Welcome. You know, it makes me want to scream when someone comes on this page and comments anonymously criticizing US for criticizing PBLA, telling us to be specific when we claim damage is being done in the name of PBLA. Well, speaking of KINDNESS, here's some specific damage for you. Maria Margaritis came along into the world of LINC teaching. She was a gift from heaven. She had her psych degree with a specialization in trauma and she had worked with kids and young adults with behavioural issues. She took our foundations literacy class at a time when we were able to open up several other literacy classes at the same time. So she voluntarily took all the hardest cases: the one with acquired brain injury, the old man who after three years can barely print his name, the one with visual impairment, the young woman whose PTSD I mistook for ADHD who after three years in high school ESL had not learned to read a simple 3-word sentence or properly print her name. Maria took them all. She transformed her room into an oasis of calm with a quiet nook in one corner, a bit of carpet, a music player, paints. With expertise and patience the likes of which I've never seen before or since, she managed to get that trauma stricken young woman to stop acting out and start focusing on sound-symbol relationship. She worked MIRACLES in that sacred safe space of hers...all while trying to comply with PBLA's insane artifact quotas. Not being able to do anything about the demands of PBLA drove her to burnout in one term. That is damage, damage I will never forget or forgive. --KM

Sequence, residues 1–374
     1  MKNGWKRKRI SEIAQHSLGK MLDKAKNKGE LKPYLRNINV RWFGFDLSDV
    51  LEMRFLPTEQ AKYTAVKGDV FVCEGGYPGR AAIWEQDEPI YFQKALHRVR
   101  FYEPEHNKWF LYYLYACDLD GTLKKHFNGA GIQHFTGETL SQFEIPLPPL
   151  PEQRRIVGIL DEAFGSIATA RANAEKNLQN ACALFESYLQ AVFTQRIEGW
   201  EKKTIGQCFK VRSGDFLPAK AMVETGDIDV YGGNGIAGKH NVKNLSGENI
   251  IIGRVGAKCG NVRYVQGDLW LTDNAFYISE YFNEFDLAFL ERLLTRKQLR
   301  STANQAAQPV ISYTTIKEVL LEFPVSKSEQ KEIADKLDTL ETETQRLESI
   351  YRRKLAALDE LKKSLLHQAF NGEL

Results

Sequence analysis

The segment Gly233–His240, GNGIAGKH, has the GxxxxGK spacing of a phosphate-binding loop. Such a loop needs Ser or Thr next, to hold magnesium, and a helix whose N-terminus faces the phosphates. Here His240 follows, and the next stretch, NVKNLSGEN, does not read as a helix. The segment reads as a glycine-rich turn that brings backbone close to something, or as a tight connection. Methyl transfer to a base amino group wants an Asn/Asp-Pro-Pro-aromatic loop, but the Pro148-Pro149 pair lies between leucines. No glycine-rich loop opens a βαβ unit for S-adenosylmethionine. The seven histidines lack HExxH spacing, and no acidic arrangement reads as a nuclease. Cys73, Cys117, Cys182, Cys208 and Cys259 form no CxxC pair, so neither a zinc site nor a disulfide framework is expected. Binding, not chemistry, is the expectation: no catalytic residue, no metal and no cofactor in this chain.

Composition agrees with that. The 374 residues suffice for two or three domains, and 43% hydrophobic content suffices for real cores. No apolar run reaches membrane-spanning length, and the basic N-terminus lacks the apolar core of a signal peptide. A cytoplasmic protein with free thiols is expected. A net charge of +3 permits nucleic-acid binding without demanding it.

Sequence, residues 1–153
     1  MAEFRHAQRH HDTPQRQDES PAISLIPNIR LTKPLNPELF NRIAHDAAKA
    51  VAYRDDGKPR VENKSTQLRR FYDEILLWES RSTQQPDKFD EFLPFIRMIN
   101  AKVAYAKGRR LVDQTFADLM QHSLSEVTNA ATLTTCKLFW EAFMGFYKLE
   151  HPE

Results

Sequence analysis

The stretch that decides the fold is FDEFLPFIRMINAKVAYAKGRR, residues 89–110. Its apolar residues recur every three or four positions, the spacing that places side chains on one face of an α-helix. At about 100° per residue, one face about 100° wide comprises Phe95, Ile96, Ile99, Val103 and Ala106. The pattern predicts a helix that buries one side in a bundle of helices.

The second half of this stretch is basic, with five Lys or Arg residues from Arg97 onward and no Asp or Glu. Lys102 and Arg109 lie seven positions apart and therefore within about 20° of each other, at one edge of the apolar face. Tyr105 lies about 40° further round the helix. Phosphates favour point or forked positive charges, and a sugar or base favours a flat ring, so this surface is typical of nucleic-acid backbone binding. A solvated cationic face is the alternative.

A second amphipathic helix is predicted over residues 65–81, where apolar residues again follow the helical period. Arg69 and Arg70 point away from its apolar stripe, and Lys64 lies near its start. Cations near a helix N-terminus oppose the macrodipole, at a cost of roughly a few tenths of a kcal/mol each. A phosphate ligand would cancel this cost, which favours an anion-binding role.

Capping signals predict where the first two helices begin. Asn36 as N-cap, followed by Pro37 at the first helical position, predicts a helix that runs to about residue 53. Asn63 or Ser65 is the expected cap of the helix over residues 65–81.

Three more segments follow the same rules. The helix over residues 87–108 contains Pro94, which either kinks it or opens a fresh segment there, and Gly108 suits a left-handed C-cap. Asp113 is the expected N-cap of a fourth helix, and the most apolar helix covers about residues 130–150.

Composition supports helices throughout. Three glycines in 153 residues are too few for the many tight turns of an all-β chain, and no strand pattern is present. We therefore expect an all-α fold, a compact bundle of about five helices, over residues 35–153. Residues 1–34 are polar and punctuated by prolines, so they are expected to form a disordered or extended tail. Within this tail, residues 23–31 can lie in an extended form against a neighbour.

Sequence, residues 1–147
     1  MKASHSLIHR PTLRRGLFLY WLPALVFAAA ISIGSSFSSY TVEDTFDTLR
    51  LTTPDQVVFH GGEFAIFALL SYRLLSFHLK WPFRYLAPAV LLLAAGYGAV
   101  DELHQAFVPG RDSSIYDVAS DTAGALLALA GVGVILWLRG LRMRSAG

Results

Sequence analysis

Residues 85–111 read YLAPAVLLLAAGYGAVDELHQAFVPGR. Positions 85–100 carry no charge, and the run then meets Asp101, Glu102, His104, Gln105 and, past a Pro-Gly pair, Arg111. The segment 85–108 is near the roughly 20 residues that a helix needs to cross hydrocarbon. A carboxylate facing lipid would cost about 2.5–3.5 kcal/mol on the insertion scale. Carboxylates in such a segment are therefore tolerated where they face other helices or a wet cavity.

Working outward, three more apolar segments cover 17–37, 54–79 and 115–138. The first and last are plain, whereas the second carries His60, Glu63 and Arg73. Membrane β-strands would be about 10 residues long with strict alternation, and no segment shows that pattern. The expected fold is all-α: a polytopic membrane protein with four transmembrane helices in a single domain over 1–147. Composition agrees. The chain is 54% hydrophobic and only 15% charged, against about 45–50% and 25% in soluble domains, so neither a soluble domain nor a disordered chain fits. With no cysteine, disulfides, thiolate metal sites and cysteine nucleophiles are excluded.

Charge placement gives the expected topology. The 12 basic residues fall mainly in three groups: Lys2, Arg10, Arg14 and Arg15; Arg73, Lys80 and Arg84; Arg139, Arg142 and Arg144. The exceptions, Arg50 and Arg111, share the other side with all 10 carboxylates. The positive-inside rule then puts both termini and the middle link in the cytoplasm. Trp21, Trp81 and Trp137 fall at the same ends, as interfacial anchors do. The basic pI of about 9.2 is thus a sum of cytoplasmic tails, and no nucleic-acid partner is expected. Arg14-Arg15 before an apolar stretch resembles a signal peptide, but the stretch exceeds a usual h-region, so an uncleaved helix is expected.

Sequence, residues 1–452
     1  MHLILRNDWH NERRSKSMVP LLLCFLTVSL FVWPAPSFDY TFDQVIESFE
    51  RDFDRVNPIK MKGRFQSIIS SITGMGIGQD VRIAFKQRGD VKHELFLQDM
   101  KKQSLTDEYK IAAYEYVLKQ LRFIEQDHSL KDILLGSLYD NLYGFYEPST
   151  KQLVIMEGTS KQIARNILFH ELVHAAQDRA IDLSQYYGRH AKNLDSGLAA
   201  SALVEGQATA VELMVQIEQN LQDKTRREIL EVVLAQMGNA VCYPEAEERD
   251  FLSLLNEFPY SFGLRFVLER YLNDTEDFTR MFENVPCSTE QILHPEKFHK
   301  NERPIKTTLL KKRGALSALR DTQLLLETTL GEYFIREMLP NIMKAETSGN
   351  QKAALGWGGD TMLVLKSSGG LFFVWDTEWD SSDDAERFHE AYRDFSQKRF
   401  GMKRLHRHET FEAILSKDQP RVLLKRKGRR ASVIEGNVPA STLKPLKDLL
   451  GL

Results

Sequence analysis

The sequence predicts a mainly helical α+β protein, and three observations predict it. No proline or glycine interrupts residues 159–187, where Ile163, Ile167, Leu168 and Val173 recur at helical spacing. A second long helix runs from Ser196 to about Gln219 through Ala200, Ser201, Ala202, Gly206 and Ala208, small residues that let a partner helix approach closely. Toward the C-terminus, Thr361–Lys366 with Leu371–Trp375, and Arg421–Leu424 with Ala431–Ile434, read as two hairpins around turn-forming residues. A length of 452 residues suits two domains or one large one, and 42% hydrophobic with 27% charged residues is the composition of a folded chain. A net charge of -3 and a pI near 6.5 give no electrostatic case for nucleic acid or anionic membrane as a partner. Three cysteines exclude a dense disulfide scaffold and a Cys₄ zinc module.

Anonymous said...

What teacher is allowed to close their classroom door during working hours? None that I know of.

Anonymous said...

Admire everyone's honesty on this blog. This is the way to move forward. I knew something was seriously wrong during the training. No resources or web sites. They got the cart before the horse. No matter how many times we asked at our agency to be shown a complete module........the request was denied. That's very poor training. It always came back has to be customized to the level and the class. That was an excuse.